It’s the third week in April. A whole quarter has passed in 2018 and this is the second Nollywood film I’m writing a review for.
This is not because there have been only two releases (even though the release schedule thus far has not been exciting), or that I’ve seen just two films … (now that I think about it, OK no, I’ve seen more than two), or that these two films were stellar, (you already know what I think of Royal Hibiscus Hotel, if not click HERE).
A primary reason cannot be clearly stated as it ranges from being a bit demotivated by the insipid nature of our Cinema content (I say Cinema because there are some gems on other platforms), realizing I’m more motivated to tell people about Nollywood films they can enjoy than otherwise; being utterly ‘under the table’ with my day job (I don’t consider this an excuse but it’s a reality), and spending a lot of my ‘Cinema quota’ watching Black Panther and The Greatest Showman at least 5 times each – Sorry Nollywood.
Anyways, if you clicked this link just because you’re still trying to decide whether to watch New Money, I would say go watch it (P.S. it’s almost out of all Cinemas). It’s no mind blowing spectacle and you’re probably not going to scream from the mountains about the fascinating story, written by Naz Onuzo. However, you would most likely not hate it – or maybe you would.
If you’re here cos, ‘Yaay new post’, or you just enjoy what this MoviePencil guy writes about, thank you, and please carry on.
Directed by Tope Oshin, New Money focuses on a story that most Nigerians possibly wish for in their realities; rich relative kicks the bucket and leaves one all his wealth. Abeg who hard work and toiling for returns epp? What is a Sigmoid Curve and why do you have to make life so complex? Please how can we get this money and how can we get it now?! Lord, let it happen – don’t be shy, you know you’ve said this prayer before.
In this instance, the story revolves around Toun Odumosu (Jemima Osunde), a young shop attendant, who is surprised when her presumed dead father actually goes to the ancestral plane, willing her a bulk load of riches. This results in some friction between Toun and her mother (the ever beautiful and snatched Kate Henshaw), cos well, mama lied to her for so long. It also shows some typical Island people behaviour, at least when folks first move from the mainland – flamboyant paparazzi.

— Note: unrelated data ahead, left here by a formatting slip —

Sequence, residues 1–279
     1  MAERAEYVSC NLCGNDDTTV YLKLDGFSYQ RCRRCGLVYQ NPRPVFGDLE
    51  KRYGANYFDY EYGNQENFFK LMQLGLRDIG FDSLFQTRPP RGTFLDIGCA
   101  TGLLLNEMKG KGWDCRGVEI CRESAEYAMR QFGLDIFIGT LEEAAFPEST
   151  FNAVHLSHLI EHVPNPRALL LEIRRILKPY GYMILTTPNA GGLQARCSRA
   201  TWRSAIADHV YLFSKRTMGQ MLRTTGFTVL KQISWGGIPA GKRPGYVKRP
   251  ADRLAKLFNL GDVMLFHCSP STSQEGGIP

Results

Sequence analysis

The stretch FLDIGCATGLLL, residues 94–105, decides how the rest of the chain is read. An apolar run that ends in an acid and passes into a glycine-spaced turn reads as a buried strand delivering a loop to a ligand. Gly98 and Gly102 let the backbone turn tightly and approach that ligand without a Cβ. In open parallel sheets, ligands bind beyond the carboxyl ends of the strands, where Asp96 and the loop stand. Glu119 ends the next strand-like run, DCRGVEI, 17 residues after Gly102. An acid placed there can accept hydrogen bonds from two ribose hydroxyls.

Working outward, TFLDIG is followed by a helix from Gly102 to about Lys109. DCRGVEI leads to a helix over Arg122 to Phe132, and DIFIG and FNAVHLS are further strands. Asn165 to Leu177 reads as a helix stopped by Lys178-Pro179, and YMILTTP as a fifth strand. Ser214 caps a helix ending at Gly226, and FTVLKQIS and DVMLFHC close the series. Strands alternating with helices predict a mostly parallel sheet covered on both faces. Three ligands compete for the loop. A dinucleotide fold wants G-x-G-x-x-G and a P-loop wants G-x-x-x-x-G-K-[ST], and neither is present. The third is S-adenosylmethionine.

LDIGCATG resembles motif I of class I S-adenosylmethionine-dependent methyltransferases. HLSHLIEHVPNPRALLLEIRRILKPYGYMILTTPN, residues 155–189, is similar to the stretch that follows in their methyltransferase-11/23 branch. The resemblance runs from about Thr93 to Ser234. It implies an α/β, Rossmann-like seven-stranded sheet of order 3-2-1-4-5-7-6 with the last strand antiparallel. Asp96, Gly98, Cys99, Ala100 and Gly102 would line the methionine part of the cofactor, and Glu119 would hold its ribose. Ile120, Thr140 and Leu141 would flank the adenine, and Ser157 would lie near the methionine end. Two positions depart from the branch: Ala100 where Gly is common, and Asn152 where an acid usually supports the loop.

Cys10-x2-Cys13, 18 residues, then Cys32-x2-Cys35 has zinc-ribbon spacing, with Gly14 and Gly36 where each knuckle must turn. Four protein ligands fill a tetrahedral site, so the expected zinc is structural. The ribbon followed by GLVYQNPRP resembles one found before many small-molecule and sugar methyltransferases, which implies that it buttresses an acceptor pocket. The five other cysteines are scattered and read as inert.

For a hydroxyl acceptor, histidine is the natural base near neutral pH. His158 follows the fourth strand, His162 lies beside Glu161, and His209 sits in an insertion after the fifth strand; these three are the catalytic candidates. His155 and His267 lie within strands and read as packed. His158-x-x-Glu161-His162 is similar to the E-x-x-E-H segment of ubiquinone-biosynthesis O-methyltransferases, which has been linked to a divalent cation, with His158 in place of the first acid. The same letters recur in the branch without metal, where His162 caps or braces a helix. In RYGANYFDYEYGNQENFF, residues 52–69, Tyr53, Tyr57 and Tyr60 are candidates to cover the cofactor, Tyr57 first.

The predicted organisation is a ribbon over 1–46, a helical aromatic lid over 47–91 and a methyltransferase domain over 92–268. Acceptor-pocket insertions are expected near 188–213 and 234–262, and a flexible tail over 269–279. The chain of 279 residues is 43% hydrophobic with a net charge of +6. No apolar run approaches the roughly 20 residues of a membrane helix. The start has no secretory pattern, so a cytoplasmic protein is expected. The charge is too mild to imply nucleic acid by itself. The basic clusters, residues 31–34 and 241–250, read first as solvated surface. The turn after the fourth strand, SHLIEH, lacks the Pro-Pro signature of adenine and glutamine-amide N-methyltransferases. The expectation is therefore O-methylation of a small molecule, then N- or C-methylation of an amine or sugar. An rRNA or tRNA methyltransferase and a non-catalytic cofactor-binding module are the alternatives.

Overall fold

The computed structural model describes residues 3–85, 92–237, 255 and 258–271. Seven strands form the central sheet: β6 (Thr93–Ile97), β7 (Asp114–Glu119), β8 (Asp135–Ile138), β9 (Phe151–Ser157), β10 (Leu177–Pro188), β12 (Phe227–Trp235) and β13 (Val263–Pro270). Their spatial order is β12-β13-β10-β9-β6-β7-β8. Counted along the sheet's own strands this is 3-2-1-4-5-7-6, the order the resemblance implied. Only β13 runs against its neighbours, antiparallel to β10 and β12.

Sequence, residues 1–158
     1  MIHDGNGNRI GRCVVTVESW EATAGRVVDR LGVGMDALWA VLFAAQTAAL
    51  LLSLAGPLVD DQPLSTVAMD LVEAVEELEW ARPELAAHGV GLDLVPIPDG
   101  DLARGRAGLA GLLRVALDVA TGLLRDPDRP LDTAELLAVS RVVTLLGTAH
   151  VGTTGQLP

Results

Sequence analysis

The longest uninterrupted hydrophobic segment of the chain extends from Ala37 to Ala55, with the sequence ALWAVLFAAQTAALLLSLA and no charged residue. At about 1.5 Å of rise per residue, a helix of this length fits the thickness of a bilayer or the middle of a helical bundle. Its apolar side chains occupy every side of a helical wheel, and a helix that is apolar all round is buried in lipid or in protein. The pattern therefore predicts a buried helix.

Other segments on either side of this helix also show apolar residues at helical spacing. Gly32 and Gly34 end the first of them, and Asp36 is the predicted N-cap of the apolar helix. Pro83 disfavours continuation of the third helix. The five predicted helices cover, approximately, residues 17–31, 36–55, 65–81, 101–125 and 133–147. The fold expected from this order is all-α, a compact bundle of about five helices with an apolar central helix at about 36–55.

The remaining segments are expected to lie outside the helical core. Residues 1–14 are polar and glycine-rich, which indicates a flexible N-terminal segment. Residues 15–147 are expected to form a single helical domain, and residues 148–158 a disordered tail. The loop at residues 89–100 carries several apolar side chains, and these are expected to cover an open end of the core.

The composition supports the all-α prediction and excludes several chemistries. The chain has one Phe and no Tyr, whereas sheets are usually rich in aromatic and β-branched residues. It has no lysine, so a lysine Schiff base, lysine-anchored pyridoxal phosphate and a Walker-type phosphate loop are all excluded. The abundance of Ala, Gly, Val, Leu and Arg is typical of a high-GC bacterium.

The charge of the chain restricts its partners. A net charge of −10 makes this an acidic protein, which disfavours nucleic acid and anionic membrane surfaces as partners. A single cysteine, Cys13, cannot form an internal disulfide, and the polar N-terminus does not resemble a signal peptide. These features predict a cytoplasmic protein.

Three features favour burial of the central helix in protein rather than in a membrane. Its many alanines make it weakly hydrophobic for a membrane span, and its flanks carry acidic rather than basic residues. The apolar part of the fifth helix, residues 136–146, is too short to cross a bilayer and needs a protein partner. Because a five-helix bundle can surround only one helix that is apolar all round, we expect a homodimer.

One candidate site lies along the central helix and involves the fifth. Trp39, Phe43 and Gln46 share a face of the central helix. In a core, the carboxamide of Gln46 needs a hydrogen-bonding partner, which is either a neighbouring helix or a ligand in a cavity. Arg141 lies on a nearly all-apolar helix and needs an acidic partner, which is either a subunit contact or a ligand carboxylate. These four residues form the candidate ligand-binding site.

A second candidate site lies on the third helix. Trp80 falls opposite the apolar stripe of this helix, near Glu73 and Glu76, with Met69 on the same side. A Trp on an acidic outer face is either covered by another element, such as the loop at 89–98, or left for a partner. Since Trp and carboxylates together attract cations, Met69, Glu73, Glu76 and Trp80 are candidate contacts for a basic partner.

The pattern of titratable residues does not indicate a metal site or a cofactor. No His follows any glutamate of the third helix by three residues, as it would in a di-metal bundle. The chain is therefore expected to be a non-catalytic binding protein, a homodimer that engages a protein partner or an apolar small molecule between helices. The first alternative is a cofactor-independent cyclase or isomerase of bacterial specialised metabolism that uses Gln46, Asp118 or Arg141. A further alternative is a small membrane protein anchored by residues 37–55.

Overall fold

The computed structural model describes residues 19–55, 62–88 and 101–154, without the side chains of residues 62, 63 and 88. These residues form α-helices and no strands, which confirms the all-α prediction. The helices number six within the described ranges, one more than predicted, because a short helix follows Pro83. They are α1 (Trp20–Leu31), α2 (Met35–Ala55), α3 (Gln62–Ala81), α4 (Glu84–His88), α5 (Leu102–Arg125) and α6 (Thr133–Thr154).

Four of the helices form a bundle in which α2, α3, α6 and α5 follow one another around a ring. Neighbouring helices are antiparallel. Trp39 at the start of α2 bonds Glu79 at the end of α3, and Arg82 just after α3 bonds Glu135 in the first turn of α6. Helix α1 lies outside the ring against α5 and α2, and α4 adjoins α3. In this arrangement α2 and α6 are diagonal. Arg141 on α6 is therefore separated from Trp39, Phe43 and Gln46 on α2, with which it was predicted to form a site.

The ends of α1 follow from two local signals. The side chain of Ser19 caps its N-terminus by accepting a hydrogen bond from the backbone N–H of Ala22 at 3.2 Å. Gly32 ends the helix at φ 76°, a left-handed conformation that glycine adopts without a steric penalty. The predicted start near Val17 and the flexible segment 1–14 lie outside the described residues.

But this is not all the film has to offer. New money translates the ordeal of a young lady coming into herself before being thrown into an unfamiliar world. It also narrates her struggle to find balance with the sudden mammoth responsibilities heaped on her shoulders. To be clear, the story is anything but original, and considering it’s a movie, it piles up the unrealistic for the audience to swallow. But then again, who wants to enjoy reality in the Cinema, of course no one.
Nonetheless, the story is spiced with some Naija flavour – accentuated with dose, upon dose, upon dose, of Simi’s music and Falz too I might add. This initially felt like a good thing, till it became a derivative way to tell the story with minimal acting from the cast. The costuming is also quite nice, showcasing what a beautiful cast we have entertaining us. Then there’s our favourite Nollywood ingredient, Comedy – though in this case, we are not nauseated with/by it. In fact, permit me to state here that two of the most successful translators of comedy in film for me are Falz and Wofaifada.
Just before I start boring you, like some aspects of the film surely did, what I found the most endearing in New Money was the flicker of effective performances laced in scenes across the film. Both Male and Female cast from Osas Ajibade to Dakore Akande to Kate Henshaw – who prove that Nollywood actors can embody characters, to Adeolu Adefarasin, who I just wanted to slap thoughout the film – but who leaves his presence on the screen, to the plethora of love interests for our ‘Miss New Money’. Did I mention that I loved Wofaifada and Falz, especially Wofaifada – there’s a distinct quality to her delivery of lines and the mannerism / facial expressions she chooses to emote.
This review will not be complete without an evaluation of our lead character Toun. For some reason, I’ve enjoyed Jemima more in the short films and web series I’ve seen her in. She’s a fine actor and deserves the Nollywood ‘It Girl’ status she’s currently enjoying. However, I’ve struggled with the major characters she’s played on the big screen. Here, Toun is not the most practical of individuals, she also is suffering from the concept Yoruba’s phrase as, ‘Omode lo n se’ – meaning what more can you expect from a kid (literal meaning, she’s just being a kid).
But most of this is as a result of the writing. There’s no way we can expect a young girl with no evident business training, with little shop girl and Buka managing experience, and a creative knack to jump into running a conglomerate and know what to do. It’s hard enough that she’s not experienced, she’s now a Nigerian creative! Maybe a little more focus on the intense coaching she should have received to equip her for the newly inherited role could have sold it for me. Notwithstanding, Jemima carried the role and does not fall flat on her face.
There’s just one more thing to note: I didn’t like the look of the film for some reason. I don’t know if it was because I saw it on the IMAX screen – which can expose all technical shortcomings, or that the grading wasn’t as effective for the riches being boasted. Whatever the case, you feem people should please stop calling all this big money anyhow. That’s how one brother said he bought ₦250million hotel for one sister like this in one other film like that.
New Money is still showing in select Cinemas, so if you haven’t seen it, you can try it out and let me know what you think afterwards. For those of you who have seen it though, what did you think? Share your comments below.